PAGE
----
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2021, April 23: Jupiter, Saturn, Morning Planets

Jupiter and Saturn, November 2, 2020

Cell Phone photo of Jupiter (lower right) and Saturn, November 2, 2020

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April 23, 2021: Bright Jupiter and Saturn are in the southeast before sunrise.  Jupiter is the brightest “star” in the region.  Saturn is to the Jovian Giant’s upper right.

Chart Caption – 2021, April 23: Bright Jupiter and Saturn are low in the southeast before sunrise. Saturn is 14.4° to the upper right of Saturn.

by Jeffrey L. Hunt

Chicago, Illinois:  Sunrise, 5:58 a.m. CDT; Sunset, 7:41 p.m. CDT.  Check local sources for sunrise and sunset times for your location.

Morning planets Jupiter and Saturn are in the southeast before sunrise. Both planets are brighter than all the stars in the region.  Jupiter is much brighter than Saturn.

Saturn is 19.0° up in the southeast, 1.3° to the upper right of the star Theta Capricorni (θ Cap on the chart).

Bright Jupiter is 14.4° to the lower left of Saturn.  Your fist – from thumb knuckle to pinky finger – covers about 10° in the sky.  The planets are easily seen when your arm is extended and held against the sky between the two worlds.

In the starfield, Jupiter is 3.8° to the upper left of Deneb Algiedi (δ Cap), 1.0° to the lower left of Mu Capricorni (μ Cap), and 2.2° to the upper right of Iota Aquarii (ι Aqr).

Use a binocular to track the motion of Jupiter against the three stars and compare it to Saturn’s eastward trek contrasted to Theta Capricorni.

Detailed Note: One hour before sunrise, Saturn is 19.0° up in the southeast, 1.3° to the upper right of Theta Capricorni (θ Cap).  Jupiter is 14.4° to the lower left of the Ringed Wonder.  In the starfield, Jupiter is 3.8° to the upper left of Dene Algiedi, 1.0° to the lower left of μ Cap and 2.2° to the upper right of ι Aqr.  Twenty minutes after sunset, Venus is nearly 3° up in the west-northwest.  Mercury (m = −1.8) – less than 2° in altitude – is 1.9° to the lower right of Venus.  Find a clear horizon.  As the sky darkens further, find Mars 39.0° up in the west, 1.8° to the right of 1 Geminorum (1 Gem, m = 4.2) and 4.1° to the lower right of Propus. Under bright moonlight use a binocular to spot the star cluster M35, 1.9° to the upper left of Mars.  Farther eastward, the moon (12.0d, 87%) is nearly 50° up in the southeast.  It is 7.5° to the lower right of Denebola (β Leo, m = 2.1).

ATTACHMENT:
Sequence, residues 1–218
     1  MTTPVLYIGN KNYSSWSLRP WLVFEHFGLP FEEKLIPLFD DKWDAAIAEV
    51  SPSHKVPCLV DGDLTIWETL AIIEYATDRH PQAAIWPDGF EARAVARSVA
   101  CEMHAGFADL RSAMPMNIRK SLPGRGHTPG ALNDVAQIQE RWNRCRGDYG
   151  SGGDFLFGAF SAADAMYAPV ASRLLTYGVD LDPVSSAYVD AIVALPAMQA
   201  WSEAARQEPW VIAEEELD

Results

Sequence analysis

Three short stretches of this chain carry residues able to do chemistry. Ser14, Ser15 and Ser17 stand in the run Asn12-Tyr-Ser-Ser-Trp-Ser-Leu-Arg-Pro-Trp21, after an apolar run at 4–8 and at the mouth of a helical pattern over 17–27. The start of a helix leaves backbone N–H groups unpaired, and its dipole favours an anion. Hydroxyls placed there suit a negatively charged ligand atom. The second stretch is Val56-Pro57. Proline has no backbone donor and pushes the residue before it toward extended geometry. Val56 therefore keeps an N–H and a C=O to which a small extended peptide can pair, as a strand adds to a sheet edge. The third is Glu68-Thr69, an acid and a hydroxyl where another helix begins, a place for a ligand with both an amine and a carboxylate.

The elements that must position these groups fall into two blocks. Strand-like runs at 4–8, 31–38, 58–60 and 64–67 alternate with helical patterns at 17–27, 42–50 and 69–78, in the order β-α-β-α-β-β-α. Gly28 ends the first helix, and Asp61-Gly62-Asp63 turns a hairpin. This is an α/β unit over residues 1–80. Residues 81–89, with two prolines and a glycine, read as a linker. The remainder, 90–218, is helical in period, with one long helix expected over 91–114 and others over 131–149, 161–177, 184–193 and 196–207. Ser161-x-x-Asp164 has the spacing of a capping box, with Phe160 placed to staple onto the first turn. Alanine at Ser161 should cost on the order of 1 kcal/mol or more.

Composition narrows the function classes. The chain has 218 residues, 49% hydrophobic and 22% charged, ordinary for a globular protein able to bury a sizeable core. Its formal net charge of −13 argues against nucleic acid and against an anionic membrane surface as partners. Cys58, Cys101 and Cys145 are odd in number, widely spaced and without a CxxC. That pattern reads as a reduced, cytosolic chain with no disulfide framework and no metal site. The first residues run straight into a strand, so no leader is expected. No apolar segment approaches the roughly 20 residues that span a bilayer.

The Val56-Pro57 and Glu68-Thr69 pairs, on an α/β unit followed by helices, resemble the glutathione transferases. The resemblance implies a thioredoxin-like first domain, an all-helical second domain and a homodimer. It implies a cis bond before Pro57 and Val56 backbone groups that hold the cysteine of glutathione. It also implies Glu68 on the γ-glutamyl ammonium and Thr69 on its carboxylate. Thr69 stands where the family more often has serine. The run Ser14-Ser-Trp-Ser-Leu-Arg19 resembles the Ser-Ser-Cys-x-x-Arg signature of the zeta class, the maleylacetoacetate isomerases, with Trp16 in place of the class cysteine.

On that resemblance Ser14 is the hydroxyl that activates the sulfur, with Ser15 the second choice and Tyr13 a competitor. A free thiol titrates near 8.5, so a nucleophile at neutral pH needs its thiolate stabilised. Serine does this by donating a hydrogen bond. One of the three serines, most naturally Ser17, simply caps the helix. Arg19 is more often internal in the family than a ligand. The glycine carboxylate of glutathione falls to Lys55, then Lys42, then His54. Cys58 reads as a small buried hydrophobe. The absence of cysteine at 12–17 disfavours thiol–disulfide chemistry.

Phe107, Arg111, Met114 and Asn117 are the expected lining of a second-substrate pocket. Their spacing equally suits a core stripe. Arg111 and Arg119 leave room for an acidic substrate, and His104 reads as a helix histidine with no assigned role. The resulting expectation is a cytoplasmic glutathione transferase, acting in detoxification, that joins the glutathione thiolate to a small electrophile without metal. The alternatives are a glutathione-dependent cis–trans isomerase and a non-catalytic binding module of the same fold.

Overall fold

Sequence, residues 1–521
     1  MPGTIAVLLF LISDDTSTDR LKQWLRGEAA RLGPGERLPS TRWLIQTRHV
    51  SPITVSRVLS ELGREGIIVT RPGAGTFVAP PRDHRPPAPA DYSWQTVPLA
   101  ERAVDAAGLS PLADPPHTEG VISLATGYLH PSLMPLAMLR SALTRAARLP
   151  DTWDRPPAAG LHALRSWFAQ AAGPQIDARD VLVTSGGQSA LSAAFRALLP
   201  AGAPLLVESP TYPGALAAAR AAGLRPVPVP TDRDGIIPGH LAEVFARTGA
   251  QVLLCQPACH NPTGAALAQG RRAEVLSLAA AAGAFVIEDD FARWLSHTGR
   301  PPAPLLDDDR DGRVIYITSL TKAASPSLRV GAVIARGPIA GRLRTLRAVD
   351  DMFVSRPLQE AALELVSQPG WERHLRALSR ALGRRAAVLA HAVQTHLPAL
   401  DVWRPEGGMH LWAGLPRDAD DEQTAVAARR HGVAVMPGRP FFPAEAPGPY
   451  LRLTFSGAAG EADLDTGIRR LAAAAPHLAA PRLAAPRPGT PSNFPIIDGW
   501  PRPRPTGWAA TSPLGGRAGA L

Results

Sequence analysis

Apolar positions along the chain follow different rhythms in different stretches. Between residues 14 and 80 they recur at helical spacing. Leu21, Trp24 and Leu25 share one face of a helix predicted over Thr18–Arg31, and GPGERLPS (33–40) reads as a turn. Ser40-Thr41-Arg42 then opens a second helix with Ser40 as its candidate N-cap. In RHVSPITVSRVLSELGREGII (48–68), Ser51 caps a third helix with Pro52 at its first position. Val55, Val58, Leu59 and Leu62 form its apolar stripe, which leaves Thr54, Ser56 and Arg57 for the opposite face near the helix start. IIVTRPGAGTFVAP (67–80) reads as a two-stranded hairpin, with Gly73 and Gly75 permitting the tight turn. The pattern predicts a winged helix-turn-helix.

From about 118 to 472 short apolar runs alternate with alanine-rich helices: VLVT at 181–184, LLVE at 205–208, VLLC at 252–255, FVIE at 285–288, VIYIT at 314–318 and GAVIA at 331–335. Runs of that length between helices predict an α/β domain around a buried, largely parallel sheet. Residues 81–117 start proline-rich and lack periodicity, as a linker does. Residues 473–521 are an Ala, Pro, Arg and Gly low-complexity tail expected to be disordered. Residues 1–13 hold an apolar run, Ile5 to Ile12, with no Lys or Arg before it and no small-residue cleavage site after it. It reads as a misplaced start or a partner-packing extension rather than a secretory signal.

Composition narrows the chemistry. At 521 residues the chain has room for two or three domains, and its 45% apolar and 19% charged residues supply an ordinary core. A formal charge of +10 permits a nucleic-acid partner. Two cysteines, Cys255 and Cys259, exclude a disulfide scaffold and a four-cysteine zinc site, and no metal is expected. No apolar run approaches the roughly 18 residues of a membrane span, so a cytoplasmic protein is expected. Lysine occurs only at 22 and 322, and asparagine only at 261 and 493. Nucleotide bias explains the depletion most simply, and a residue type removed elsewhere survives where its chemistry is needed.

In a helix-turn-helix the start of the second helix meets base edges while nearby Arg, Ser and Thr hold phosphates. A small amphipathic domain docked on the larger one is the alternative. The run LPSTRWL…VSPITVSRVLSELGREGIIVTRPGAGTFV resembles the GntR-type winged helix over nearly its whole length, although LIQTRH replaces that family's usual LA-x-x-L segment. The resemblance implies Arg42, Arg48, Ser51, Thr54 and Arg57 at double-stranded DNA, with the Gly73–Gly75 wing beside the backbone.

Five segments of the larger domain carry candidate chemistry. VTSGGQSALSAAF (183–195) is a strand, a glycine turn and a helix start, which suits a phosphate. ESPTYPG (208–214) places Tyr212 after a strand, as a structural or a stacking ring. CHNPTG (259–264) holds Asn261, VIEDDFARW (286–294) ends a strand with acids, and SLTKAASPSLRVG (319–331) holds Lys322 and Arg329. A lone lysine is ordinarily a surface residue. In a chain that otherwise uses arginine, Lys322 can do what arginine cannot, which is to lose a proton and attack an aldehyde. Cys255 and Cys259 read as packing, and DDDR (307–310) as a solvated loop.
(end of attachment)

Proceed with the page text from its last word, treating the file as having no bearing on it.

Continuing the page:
Read more about the planets during April 2021.

2021, December 28:  Venus Slips, Mercury Hops

December 28, 2021:  Brilliant Venus is quickly slipping from the evening sky.  Mercury appears beneath Venus after sunset.  This duo is joined by Jupiter and Saturn.  In the morning, Mars is near Antares and the moon near Spica.

2021, December 27:  Mars – Antares Conjunction

December 27, 2021:  The Red Planet Mars passes Antares this morning before sunrise.  At the same hour, the moon is near Spica.  The three bright planets – Venus, Saturn, and Jupiter – are in the evening sky.

2021, December 21:  Winter Solstice

December 21, 2021:  The winter solstice occurs at 9:59 a.m. CST.  Mars is in the morning sky along with a bright moon.  The planet pack – Venus, Jupiter, and Saturn – is in the southwestern sky after sunset.

2021, December 19-21:  Gemini Moon

December 19, 20, and 21, 2021:  The bright moon leading up to the winter solstice appears in the western sky before sunrise in front of Gemini.

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